Researchers have introduced a new type of “super-resolution” microscopy and used it to discover the precise walking mechanism behind tiny structures made of DNA that could find biomedical and industrial applications.
The researchers also demonstrated how the “DNA walker” is able to release an anticancer drug, representing a potential new biomedical technology, said Jong Hyun Choi, an associate professor of mechanical engineering at Purdue University.
Synthetic nanomotors and walkers are intricately designed systems that draw chemical energy from the environment and convert it into mechanical motion. However, because they are too small to be observed using conventional light microscopes, researchers have been unable to learn the precise steps involved in the walking mechanisms, knowledge essential to perfecting the technology.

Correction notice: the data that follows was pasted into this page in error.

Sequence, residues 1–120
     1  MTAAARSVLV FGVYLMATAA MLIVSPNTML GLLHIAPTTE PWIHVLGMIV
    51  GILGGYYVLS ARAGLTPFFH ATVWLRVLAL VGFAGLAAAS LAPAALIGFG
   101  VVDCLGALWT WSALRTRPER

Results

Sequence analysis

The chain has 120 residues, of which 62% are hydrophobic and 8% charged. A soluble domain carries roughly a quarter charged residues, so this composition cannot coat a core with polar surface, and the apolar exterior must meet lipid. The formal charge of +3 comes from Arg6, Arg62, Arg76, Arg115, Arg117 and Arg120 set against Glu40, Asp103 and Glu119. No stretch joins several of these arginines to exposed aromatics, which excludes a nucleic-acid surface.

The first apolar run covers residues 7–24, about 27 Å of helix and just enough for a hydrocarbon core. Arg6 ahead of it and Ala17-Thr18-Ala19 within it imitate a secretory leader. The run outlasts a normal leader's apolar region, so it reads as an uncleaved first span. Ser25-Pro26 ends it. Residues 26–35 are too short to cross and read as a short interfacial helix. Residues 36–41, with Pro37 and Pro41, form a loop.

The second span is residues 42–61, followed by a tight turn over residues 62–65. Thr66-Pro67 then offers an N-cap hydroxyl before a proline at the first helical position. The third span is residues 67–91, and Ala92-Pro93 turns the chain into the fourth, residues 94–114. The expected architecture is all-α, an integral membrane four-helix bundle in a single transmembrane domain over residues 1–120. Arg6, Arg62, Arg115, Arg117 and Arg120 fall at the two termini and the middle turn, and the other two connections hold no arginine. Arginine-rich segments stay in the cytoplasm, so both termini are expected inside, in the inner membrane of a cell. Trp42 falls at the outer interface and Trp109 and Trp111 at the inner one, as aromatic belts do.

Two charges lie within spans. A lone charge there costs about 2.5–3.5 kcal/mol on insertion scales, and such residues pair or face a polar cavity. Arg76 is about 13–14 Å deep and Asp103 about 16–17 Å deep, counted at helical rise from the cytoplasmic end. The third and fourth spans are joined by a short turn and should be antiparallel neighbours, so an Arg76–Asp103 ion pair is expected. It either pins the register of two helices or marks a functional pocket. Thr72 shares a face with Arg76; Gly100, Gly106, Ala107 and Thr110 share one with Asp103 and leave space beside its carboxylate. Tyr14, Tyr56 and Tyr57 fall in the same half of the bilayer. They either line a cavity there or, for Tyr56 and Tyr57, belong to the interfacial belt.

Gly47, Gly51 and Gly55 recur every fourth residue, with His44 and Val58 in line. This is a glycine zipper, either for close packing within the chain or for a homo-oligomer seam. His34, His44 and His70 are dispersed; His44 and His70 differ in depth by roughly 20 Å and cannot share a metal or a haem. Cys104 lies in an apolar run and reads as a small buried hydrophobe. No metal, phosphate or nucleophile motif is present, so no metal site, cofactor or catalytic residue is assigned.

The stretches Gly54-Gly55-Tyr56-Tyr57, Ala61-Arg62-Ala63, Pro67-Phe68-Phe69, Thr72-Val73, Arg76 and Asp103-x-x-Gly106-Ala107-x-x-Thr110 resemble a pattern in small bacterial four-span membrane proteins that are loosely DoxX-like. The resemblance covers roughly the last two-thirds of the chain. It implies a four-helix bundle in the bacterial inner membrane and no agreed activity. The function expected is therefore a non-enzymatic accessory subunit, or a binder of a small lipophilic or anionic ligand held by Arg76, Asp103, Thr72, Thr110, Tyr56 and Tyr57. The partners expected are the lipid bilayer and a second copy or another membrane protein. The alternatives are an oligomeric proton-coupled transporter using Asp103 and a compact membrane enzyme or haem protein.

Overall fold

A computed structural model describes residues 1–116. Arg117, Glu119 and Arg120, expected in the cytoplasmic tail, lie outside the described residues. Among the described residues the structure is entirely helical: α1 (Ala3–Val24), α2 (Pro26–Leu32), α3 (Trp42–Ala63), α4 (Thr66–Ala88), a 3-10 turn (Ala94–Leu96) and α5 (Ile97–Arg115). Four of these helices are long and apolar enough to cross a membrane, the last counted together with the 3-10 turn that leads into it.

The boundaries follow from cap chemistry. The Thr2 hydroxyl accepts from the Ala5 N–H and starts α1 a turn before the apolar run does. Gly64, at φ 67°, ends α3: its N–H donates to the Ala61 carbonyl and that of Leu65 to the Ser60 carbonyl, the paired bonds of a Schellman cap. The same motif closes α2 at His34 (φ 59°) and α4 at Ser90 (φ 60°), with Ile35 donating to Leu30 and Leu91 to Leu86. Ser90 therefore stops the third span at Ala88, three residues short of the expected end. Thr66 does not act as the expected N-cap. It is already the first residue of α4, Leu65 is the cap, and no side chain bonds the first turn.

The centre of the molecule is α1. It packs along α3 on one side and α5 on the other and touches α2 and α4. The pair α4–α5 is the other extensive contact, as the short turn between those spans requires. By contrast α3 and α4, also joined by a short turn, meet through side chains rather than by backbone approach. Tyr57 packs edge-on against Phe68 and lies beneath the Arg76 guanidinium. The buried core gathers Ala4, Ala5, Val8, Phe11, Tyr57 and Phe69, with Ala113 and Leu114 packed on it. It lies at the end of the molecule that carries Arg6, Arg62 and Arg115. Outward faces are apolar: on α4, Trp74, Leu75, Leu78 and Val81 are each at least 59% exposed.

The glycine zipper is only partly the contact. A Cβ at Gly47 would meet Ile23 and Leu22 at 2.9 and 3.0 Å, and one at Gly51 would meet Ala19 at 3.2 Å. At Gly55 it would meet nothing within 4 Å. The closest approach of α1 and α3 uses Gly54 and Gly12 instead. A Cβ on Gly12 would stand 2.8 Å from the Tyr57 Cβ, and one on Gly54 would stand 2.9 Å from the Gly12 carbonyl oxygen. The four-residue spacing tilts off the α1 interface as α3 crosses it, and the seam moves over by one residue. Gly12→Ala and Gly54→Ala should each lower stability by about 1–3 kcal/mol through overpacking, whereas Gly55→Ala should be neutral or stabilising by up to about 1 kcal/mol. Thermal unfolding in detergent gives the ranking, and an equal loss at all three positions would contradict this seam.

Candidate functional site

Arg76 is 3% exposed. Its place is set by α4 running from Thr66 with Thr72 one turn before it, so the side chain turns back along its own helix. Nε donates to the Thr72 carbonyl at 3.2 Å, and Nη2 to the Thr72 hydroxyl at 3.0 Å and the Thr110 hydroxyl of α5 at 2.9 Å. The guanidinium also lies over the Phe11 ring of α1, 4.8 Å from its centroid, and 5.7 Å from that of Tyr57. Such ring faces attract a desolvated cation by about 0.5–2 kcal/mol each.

“If you cannot resolve or monitor these walkers in action, you will be unable to understand their mechanical operation,” Choi said.
He led a Purdue team that has solved this problem by developing a super-resolution microscopy system designed to study the DNA walkers. The new findings appeared in the journal Science Advances on Jan. 20, 2017.
Via Integrated DNA Technologies